All 50 U.S. States Require Insurance Coverage for Autism After Rule Passed by Tennessee
All 50 states now require some level of insurance coverage for autism treatment, following a rule enacted in August by the Tennessee Department of Commerce and Insurance. According to a report this month by the Disability Scoop, all small and large group insurance plans in Tennessee are now required to cover treatment for autism that is “medically necessary and appropriate and is not experimental,” including applied behavior analysis, or ABA. Before the new rule was issued, insurance companies could define their own mental health benefits, but must now cover the treatment of autism and any other condition listed in the Diagnostic and Statistical Manual of Mental Disorders (DSM). The movement to extend insurance coverage for autism throughout the country was led by parents, and began in the early 2000s. One staunch advocate is Laurie Unumb, CEO of the Council of Autism Service Providers, a Massachusetts-based non-profit advocating for autism care agencies. “When I started down this advocacy path a dozen years ago, the only families who could access ABA for their children with autism were wealthy families and those lucky enough to live in the few states (that funded therapy programs),” Unumb was quoted as saying by Disability Scoop. “Now, most families in the United States have coverage for ABA.”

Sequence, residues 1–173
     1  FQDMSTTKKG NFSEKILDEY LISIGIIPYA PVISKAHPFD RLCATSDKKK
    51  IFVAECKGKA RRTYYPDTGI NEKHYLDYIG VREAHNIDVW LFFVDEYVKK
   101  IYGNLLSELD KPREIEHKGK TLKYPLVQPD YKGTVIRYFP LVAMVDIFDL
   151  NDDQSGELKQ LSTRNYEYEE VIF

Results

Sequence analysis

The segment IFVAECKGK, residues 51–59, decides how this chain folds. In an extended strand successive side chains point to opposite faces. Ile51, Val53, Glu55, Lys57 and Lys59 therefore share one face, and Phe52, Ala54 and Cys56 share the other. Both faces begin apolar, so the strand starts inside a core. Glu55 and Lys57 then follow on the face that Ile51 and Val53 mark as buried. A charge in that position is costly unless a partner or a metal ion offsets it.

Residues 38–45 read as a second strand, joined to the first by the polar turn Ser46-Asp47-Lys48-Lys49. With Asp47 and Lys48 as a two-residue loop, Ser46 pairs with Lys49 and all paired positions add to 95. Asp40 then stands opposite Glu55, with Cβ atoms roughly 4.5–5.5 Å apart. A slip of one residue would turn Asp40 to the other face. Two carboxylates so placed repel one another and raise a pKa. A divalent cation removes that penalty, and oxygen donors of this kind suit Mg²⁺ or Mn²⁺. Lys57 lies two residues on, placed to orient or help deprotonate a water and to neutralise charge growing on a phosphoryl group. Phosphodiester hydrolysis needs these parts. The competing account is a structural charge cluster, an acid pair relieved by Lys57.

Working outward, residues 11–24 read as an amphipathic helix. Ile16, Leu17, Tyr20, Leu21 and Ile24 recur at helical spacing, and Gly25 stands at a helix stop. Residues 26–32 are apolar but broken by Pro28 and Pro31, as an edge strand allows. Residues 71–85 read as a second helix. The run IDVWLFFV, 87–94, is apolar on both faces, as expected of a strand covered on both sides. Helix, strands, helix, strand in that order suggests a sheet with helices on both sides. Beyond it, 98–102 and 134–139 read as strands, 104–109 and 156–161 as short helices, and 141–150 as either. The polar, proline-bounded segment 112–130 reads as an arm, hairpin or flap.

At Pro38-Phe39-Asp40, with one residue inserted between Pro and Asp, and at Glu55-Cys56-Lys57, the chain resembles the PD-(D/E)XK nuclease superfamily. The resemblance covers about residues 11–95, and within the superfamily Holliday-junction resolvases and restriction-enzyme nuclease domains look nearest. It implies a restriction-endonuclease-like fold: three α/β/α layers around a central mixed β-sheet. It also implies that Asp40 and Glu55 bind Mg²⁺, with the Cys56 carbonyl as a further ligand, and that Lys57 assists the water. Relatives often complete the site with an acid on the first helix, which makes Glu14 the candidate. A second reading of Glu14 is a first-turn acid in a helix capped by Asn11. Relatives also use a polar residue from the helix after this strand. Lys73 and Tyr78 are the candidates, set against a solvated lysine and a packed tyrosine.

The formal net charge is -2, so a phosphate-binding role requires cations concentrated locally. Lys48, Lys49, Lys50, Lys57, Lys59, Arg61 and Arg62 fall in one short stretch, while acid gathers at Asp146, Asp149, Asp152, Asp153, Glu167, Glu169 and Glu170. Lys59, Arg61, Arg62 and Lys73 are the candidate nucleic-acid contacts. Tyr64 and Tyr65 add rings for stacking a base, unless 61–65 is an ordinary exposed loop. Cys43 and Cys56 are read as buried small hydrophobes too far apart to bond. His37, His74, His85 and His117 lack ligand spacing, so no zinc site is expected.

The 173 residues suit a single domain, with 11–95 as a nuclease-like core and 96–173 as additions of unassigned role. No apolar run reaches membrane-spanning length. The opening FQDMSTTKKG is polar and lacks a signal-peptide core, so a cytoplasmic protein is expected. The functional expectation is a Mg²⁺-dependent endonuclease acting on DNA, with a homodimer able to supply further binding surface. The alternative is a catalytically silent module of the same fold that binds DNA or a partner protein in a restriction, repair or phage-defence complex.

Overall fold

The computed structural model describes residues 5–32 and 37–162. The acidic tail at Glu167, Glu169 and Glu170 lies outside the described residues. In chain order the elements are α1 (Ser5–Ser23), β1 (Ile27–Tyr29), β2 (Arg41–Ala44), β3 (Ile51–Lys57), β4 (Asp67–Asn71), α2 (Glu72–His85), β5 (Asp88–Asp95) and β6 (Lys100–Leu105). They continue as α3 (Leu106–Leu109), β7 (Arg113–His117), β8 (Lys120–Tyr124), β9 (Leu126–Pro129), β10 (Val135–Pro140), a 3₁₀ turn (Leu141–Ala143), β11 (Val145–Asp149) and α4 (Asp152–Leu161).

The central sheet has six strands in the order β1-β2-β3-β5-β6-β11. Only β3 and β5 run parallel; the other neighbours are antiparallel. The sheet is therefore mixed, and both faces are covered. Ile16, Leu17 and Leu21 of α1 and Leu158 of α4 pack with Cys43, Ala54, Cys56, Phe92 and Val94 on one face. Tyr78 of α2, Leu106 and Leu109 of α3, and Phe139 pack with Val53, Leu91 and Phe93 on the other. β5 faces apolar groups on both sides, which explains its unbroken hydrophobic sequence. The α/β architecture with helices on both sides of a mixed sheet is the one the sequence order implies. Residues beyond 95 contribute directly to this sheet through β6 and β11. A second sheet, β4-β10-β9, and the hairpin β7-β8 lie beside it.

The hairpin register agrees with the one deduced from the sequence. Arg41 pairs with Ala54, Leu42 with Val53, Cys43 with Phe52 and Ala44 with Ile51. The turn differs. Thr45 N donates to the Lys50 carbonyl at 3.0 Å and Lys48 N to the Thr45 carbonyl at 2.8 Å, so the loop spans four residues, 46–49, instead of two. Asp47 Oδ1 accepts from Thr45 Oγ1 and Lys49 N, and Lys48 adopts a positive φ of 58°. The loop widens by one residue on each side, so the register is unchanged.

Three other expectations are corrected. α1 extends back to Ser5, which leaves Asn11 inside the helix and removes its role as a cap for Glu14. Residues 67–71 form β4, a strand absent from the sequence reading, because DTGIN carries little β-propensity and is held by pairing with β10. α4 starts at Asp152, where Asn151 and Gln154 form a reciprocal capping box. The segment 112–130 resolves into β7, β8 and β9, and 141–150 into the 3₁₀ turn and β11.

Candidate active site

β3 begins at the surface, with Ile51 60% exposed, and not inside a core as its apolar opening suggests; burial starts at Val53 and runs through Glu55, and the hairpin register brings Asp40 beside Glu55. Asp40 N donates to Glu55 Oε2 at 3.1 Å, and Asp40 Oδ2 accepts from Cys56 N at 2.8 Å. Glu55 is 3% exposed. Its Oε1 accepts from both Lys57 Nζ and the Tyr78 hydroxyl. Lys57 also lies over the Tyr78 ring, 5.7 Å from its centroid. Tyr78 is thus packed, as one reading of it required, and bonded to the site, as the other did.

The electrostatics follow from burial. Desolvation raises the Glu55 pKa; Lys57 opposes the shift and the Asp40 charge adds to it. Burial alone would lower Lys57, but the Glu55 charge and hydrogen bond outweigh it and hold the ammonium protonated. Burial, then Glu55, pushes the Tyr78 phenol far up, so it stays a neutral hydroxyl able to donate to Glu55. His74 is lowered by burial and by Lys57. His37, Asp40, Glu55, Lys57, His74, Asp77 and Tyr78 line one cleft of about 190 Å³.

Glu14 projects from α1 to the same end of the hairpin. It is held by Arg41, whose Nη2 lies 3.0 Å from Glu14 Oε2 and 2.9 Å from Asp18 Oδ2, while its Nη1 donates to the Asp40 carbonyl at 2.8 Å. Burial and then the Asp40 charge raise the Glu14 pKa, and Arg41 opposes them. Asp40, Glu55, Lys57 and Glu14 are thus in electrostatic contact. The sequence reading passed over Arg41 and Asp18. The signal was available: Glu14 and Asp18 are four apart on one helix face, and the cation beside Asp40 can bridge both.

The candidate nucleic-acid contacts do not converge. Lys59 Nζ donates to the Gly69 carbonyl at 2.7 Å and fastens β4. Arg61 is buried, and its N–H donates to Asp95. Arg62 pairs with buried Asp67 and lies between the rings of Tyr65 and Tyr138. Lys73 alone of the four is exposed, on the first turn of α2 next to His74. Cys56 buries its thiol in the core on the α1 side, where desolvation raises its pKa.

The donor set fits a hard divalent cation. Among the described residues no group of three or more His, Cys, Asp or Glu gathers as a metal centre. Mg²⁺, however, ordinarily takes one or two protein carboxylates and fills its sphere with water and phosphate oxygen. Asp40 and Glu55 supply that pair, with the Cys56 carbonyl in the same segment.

David Mandell, director of the Penn Center for Mental Health at the University of Pennsylvania, believes mandates on insurance coverage are effective at increasing access to autism treatment, especially for young children. “The mandates result in slightly increased numbers of people getting treatment and more treatment for those already getting treatment,” Mandell said.
As noted by Disability Scoop’s report, gaps in insurance coverage remain, with many states only mandating coverage for children with autism, with cutoffs at age 18 or 21. “The country is a patchwork of autism laws,” Unumb (whose adult son has autism) said. “The mandates are really strong in some states and somewhat weak in others.”
“It’s what keeps me awake at night,” Unumb added. “After all of the progress we have made in all 50 states, still some child will get diagnosed tomorrow and will be unable to afford the treatment recommended by the doctor, notwithstanding being covered by insurance. That’s wrong.”